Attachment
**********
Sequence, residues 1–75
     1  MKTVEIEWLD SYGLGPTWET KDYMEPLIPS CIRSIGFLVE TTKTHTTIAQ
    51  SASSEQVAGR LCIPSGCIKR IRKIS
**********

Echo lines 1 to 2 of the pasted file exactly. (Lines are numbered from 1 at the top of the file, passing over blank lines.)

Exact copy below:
Sequence, residues 1–75
     1  MKTVEIEWLD SYGLGPTWET KDYMEPLIPS CIRSIGFLVE TTKTHTTIAQ